At least one-third of top science journals lack a retraction policy — a big improvement

jmlaMore than one third — 35% — of the world’s top-ranked science journals that responded to a survey don’t have a retraction policy, according to a new study. And that’s a dramatic improvement over findings of a similar study a little more than a decade ago.

For the new paper, “Retraction policies of top scientific journals ranked by impact factor,” David Resnik, Grace Kissling, and Elizabeth Wager (a member of the board of directors of The Center For Scientific Integrity, our parent non-profit organization) surveyed 200 science journals with the highest impact factors about their retraction policies. About three-quarters provided the information: 

Of these, 95 (65%) had a retraction policy. Of journals with a retraction policy, 94% had a policy that allows the editors to retract articles without authors’ consent.

That second point is important, as some scientists seem to mistakenly believe that only authors can retract a paper.

Nearly half of the journals that responded were review journals, and almost three-quarters were in biomedical fields. Here are some details:

  • Among biomedical journal “families”, 23 of 38 (60.5%) had a retraction policy, relative to 5 of 17 (29.4%) of the journal families that were not about biomedicine.
  • 95 journals had a retraction policy; 89 (94%) allowed the editors to retract articles without all of the authors’ consent, while 50 (53%) allowed the editors to publish an expression of concern without the authors’ consent.
  • 48 (51%) of the journals with a retraction policy required retraction notices to say why the paper was being retracted, and 86 (91%) described the procedures for the retraction.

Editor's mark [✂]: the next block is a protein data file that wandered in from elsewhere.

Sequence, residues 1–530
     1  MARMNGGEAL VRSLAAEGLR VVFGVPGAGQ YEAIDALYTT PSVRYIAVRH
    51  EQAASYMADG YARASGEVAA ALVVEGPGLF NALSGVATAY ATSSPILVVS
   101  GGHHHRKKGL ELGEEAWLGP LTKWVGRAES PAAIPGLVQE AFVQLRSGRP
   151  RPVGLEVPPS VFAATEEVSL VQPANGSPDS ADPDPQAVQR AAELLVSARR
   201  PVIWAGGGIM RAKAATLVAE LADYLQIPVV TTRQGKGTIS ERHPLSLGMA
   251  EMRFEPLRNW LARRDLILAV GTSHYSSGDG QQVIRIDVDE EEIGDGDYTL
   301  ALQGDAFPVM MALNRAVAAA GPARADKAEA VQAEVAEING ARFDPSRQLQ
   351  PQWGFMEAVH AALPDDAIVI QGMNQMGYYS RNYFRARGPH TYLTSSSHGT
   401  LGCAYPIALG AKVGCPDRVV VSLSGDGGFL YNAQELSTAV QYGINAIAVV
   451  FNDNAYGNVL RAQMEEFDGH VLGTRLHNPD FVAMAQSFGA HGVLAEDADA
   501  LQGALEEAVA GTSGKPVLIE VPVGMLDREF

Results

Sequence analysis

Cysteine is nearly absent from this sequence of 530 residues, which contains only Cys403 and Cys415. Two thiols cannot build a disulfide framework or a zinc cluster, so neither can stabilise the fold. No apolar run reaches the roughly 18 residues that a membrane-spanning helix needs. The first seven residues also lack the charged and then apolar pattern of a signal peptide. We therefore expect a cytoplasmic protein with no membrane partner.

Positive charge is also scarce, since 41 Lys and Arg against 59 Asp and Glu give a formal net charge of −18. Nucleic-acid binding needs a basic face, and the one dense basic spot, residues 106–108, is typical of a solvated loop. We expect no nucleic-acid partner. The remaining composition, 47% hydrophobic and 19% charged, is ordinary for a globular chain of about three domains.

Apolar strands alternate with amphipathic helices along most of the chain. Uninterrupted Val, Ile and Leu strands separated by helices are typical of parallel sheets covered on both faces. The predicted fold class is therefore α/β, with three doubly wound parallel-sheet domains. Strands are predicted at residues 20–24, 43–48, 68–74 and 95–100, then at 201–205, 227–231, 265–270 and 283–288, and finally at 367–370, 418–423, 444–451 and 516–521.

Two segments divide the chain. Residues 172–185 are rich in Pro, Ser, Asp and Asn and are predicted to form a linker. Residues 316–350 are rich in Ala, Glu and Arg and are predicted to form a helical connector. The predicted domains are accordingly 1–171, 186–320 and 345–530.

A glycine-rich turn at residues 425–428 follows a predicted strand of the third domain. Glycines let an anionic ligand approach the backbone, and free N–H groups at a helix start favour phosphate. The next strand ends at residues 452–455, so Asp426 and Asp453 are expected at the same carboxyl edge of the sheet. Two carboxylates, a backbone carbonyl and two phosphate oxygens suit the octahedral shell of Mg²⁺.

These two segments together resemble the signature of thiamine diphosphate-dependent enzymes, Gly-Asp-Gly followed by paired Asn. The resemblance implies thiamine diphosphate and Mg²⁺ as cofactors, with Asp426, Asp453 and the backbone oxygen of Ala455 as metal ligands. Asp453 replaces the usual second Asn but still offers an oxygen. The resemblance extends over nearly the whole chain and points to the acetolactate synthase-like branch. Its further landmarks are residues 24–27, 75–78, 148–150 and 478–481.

• 49 of the journals (52%) had retraction policies that came from the publisher, while 29 (31%) came jointly from the Committee on Publication Ethics and the publisher. Six (6%) came from COPE alone, and the rest came from COPE and ICMJE, from the journal itself, from both the journal and COPE, or from the journal jointly with the National Library of Medicine (NLM).

The authors conclude:

The most important finding of our study is that 3 times as many journals in our sample (65%) had a retraction policy compared to an earlier study in a similar group of journals (21%) [12]. A plausible explanation for this apparent increase in the percentage of journals with a retraction policy is that more editors and publishers have become aware of the importance of dealing with retractions, and they have developed policies or adopted ones provided by COPE or other organizations. This increase in retraction policies might also provide further support for the hypothesis that retractions have increased in the last decade because more journals have adopted retraction policies [8]. However, both of these claims are speculative, and further research, such as interviews with editors, is needed to understand the factors that influence the retraction rate and retraction policy development.

Several editors of review journals that did not have retraction policies indicated in their responses that they saw no need for a retraction policy because they only publish review articles and are therefore not faced with the issues related to the publication of original data, such as fabrication or falsification. While it is probably the case that review journals rarely encounter problems with articles that warrant retraction, they still might need to occasionally retract articles in which authors have plagiarized other publications. We recommend that journals that do not have a retraction policy consider developing or adopting one.

We do, too.

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One thought on “At least one-third of top science journals lack a retraction policy — a big improvement”

  1. As the pages of this blog have repeatedly shown, “policies”, like “guidelines”, are worthless in the absence of teeth to ensure they are strictly adhered to. What we need are rules with consequences.

    It should also be remembered that “Sorry, it’s not company policy” is the oldest excuse in the book, to cover non-customer-friendly practices.

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